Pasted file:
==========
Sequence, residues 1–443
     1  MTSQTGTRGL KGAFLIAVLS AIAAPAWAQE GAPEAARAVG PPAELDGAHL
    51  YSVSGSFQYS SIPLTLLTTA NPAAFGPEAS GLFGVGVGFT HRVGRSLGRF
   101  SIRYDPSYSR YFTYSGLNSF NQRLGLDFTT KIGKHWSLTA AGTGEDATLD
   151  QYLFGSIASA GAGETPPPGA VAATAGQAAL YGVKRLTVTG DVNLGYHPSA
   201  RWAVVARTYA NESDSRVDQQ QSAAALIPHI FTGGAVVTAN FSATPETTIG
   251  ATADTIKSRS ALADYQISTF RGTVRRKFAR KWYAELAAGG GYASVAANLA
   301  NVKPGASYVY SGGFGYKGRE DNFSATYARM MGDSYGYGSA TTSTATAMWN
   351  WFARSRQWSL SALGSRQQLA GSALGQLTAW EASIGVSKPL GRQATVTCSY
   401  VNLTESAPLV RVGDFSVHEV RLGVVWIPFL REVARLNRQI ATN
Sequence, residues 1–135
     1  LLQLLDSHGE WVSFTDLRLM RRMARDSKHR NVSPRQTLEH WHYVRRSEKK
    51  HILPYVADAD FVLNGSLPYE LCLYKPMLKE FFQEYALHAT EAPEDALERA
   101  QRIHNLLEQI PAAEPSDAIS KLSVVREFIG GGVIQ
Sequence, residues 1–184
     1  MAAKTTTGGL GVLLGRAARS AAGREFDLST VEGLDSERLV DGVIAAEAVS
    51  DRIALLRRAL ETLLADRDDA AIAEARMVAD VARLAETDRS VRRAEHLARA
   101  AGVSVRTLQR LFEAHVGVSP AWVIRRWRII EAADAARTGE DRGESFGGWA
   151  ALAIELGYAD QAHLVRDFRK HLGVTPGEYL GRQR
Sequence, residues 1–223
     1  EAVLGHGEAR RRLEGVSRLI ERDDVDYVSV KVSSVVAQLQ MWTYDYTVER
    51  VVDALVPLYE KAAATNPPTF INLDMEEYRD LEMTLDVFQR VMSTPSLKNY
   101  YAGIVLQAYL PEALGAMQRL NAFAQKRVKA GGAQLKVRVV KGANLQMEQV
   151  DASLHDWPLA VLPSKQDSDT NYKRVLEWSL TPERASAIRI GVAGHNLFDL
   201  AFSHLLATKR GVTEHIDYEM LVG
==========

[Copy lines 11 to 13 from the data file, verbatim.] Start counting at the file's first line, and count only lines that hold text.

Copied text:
Sequence, residues 1–135
     1  LLQLLDSHGE WVSFTDLRLM RRMARDSKHR NVSPRQTLEH WHYVRRSEKK
    51  HILPYVADAD FVLNGSLPYE LCLYKPMLKE FFQEYALHAT EAPEDALERA